But in the short term, he would not be surprised to see a correction of 10 to 15 per cent in the sector because share prices have had a good run over the past three and a half months. However, by the end of the year, he expects to see higher share prices.

Baillie Gifford launched its Greater China fund at the end of last year and wealth management marketing director James Budden says this was because they believe China is going to have a massive influence.

He says: “We are very bullish on emerging markets and Bric economies and China in particular. These are new economies that have got real assets, they have things to sell and they are not broke. They have cash in the bank so they can afford to kickstart their economies whereas everyone else in the West is having to do that with tomorrow’s money.”

Budden says the Bric economies are going to emerge from the credit crunch with a much stronger competitive advantage than they had going into it.

In China, property prices are rising, retail sales are rising and bank lending is working its way through the system according to Budden. He says that it is still relatively inefficient as a market and so there are many opportunities there.

The fund mainly invests in oil, gas, basic resources and banks. He believes that any investor with a five or 10-year view should be investing in the Bric sector.

Neptune emerging markets fund manager Ewan Thompson says there are many important differences in the catalysts for the individual Bric markets. He says the Brazilian and Russian markets are quite closely tied to the performance of the oil price because they are major commodity exporters.

In contrast, India and China are major commodity importers and benefit from lower raw material costs but he says a common theme across all four markets is a long-term structural shift in the economy towards a bigger middle-class and greater domestic consumption.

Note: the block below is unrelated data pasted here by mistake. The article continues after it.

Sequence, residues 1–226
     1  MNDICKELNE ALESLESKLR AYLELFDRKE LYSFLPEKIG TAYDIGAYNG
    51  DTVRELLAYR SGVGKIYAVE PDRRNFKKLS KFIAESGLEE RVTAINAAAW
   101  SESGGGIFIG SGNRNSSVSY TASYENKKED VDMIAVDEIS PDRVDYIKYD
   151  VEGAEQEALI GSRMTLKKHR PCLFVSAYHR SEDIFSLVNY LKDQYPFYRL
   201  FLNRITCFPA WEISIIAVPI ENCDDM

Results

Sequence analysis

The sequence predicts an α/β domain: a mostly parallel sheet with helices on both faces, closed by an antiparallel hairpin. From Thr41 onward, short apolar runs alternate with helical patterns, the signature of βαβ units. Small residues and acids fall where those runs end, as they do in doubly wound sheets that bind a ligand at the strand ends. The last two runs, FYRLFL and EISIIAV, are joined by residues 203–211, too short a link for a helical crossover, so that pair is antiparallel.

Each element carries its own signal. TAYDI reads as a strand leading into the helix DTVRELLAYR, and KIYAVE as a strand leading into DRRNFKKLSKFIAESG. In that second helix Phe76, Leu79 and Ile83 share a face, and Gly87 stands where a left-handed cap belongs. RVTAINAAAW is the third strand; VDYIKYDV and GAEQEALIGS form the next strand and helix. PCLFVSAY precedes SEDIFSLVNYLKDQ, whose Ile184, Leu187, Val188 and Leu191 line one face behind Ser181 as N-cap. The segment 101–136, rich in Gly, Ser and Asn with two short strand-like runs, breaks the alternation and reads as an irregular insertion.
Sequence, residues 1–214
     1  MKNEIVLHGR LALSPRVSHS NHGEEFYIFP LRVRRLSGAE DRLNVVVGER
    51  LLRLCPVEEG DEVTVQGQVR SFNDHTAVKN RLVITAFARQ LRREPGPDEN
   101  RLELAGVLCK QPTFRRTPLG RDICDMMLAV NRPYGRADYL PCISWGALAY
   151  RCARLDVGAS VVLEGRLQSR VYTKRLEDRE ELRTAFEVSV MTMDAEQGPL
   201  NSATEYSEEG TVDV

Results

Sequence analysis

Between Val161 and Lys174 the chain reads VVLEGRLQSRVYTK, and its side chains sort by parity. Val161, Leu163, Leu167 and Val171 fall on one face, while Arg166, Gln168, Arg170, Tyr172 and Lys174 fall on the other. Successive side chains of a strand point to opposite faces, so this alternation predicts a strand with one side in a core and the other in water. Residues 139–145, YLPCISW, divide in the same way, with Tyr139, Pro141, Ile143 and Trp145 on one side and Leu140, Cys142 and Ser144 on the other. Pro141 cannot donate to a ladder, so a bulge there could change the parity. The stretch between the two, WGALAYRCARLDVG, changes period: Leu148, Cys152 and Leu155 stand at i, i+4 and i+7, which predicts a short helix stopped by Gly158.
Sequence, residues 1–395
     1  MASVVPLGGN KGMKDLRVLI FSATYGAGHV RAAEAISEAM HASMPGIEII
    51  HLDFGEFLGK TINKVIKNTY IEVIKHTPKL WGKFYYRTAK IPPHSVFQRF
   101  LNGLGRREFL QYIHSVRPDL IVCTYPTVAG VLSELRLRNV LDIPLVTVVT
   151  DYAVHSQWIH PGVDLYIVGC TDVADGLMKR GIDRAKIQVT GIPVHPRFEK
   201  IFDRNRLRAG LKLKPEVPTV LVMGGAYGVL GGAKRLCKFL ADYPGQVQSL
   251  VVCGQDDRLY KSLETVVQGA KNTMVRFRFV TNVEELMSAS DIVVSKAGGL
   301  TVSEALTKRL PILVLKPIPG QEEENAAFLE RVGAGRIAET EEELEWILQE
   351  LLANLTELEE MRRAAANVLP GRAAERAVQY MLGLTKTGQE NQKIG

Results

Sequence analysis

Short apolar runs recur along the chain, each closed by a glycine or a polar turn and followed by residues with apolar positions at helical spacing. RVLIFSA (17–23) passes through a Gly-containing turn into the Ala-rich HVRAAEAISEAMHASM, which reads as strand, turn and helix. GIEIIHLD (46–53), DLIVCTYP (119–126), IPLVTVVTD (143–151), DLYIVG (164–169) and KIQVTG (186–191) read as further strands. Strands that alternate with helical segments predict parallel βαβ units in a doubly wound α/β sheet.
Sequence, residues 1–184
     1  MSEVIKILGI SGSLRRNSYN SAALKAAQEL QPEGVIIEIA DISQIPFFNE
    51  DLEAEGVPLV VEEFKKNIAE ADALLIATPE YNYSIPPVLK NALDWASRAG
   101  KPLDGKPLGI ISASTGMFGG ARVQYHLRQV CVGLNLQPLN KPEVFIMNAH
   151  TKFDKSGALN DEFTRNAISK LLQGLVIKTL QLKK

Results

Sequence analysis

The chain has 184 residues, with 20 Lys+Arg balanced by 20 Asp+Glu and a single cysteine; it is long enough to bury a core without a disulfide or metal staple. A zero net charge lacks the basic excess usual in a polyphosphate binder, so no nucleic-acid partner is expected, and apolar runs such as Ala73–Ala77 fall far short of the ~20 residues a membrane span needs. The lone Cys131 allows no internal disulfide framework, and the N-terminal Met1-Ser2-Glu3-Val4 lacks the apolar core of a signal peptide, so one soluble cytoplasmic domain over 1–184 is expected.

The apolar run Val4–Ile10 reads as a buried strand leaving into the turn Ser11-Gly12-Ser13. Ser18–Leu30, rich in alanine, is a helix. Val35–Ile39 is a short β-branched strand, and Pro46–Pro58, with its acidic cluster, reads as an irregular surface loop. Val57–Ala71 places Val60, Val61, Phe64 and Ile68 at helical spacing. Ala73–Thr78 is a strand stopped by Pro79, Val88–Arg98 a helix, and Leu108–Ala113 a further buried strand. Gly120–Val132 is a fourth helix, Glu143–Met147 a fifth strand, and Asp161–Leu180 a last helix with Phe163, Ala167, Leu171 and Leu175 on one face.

He says: “These developments are relatively insulated from the global recession, especially in China and India which are comparatively self-supporting economies.”

Thompson thinks the recent resurgence of interest in these funds can be attributed to the increased awareness of the strength of these economies and their more attractive growth prospects compared with developed markets.

He adds: “Crucially, a large number of emerging economies have significant savings which can be used to fund infrastructure growth and they are not reliant on borrowing money through capital markets.

“Industrialisation and urbanisation are, of course, also intensive in energy and materials and, to a large degree, the major global suppliers of raw material are emerging markets and therefore present attractive investment opportunities in these sectors.”

Threadneedle head of global emerging market equities Julian Thompson says: “While the green shoots may be thin on the ground in developed markets, the recovery in emerging market economies, especially the Brics, is more readily visible.

“Our emerging markets funds favour Brazil, Russia and China from an investment perspective. India continues to have excellent long-term growth prospects but appears a little expensive relative to other emerging economies.”